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Publication numberUS4484862 A
Publication typeGrant
Application numberUS 06/362,650
Publication dateNov 27, 1984
Filing dateMar 29, 1982
Priority dateApr 9, 1981
Fee statusLapsed
Also published asDE3212348A1
Publication number06362650, 362650, US 4484862 A, US 4484862A, US-A-4484862, US4484862 A, US4484862A
InventorsBorge R. Jensen
Original AssigneeGrundfos A/S
Export CitationBiBTeX, EndNote, RefMan
External Links: USPTO, USPTO Assignment, Espacenet
Submersible pumps
US 4484862 A
An apparatus for controlling the operation of a pump, especially a submersible pump, and particularly for controlling a water level in connection with cellar drainage pumps, comprises at least one level detector using the principle of acoustic impedance for detecting the presence or absence of liquid to be pumped, said level detector being electrically connected to a control circuit controlling a switching device for the pump.
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I claim:
1. Apparatus for controlling the operation of a cellar drainage pump, including
(a) piezo-electric level detecting means which comprises a circular cylindrical plastic housing having a recess and a cavity, also of circularly cylindrical configuration, a membrane arranged in said recess to close said cavity, with a first face of said membrane serving to sense a fluid level and thereby derive an electrical signal, a piezo-electric body with such circularly cylindrical configuration mounted on said membrane with said piezo-electric body being mounted on a second face of said membrane inside said cavity and capable of translational oscillation along an axis lying substantially perpendicular to said membrane,
(b) control circuitry means, including a first electrical conductor connected to said control circuitry means and to one end of said piezo-electric body, and a second electrical conductor connected to said control circuitry means and to the other end of said piezo-electric body by way of said membrane, and
(c) switching means for said pump so as to enable said piezo-electric level detecting means to sense by acoustic impedance transitions, the presence or absence of liquid adjacent to said detecting means;
said detecting means being electrically connected to said control circuitry means; said control circuitry means being electrically connected to said switching means for controlling said switching means, and said detecting means being mounted in a recess on the outer casing of said pump.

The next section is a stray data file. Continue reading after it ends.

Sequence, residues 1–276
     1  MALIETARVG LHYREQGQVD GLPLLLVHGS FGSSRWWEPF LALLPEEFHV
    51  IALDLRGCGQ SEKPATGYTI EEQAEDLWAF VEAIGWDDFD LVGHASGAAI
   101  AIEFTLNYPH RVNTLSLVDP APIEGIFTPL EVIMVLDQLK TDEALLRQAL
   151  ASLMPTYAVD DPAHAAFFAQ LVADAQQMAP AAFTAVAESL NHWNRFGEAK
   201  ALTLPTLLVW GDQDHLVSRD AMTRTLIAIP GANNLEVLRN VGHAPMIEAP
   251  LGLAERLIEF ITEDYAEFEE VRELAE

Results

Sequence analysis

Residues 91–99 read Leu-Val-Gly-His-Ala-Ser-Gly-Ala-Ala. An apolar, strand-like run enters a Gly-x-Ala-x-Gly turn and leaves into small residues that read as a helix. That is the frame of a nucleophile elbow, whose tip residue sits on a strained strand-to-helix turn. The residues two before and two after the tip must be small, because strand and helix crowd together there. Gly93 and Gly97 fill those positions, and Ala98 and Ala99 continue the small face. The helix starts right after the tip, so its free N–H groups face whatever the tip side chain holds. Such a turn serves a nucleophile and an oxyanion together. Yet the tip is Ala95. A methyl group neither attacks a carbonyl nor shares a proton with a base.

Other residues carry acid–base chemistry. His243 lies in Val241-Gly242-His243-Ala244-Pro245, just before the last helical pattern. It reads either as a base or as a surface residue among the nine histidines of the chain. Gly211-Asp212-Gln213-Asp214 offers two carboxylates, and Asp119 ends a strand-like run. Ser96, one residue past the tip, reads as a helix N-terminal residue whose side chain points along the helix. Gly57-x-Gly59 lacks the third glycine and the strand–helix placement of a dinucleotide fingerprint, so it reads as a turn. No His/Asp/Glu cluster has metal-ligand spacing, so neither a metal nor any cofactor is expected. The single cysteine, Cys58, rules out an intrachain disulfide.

The present invention relates to an apparatus for controlling the operation of a pump, especially a submersible pump, and particularly controlling a water level in connection with cellar drainage pumps or pumps in water towers, borings, and wells.

Submersible pumps are known and have a number of uses, e.g., pumping water from the cellars of buildings or the sump of a building site. The pumps are usually automatically or semi-automatically controlled to switch on and off in response to the level of the water and the usual level detector is a mechanical float valve. However, the float valves have been found in practice to be a continual source of trouble due to their having to work in water which is dirty. Further, the float valves are relatively bulky and can be obstructed if the pump is placed close to a wall or other large obstructions.

It is an object of the present invention to provide an improved level detector for use with a submersible pump.

The present invention provides a level detector using the principle of acoustic impedance for detecting the presence or absence of liquid to be pumped.

Preferably, each pump is provided with two-level detectors placed one above the other, the upper one being used to switch on the pump when the liquid level rises above the upper detector and the lower one to switch it off when the liquid level drops below the lower detector.

Advantageously, the or each level detector comprises a piezo-electric transducer arranged to measure the acoustic impedance of the transducer itself. Such a detector is compact, is insensitive to deposits or lumps of particles or the like in the liquid being pumped and has no mechanical moving parts. Consequently, it is reliable, able to withstand rough handling, compact and does not noticeably extend the envelope of the pump.

In order that the present invention be more readily understood, an embodiment thereof will now be described by way of example with reference to the accompanying drawings, in which

FIG. 1 is a diagrammatic view of a submersible pump provided with level detectors according to the present invention,

FIG. 2 shows a block diagram of a control circuit for the pump of FIG. 1,

FIG. 3 shows a cross-sectional view of an embodiment of a level detector according to the invention, and

FIG. 4 shows a water tower with a water pump and a level detector according to the invention.

A submersible pump 10 has a lower liquid inlet 11 and an upper liquid outlet 12. A first liquid level sensor 14 is received in a recess 15 in the outer casing 16 of the pump. If desired, a second liquid level sensor 17 is received in a further recess 18 in the pump casing disposed below the recess 15 so as to detect a different, lower liquid level. The pumping mechanism and the prime mover for operating the mechanism are conventional and will not be described further.

The sensors 14 and 17 are piezo-electric elements of some 5 mm diameter and their electrical characteristics are determined by the acoustic impedance of the medium in which the elements are submerged. Thus, the sensors 14 and 17 can be considered as resistive components whose resistance changes depending on whether they are in liquid or in gas. This change in resistance can be detected in any suitable manner but the preferred circuit is such as will now be described in relation to FIG. 2.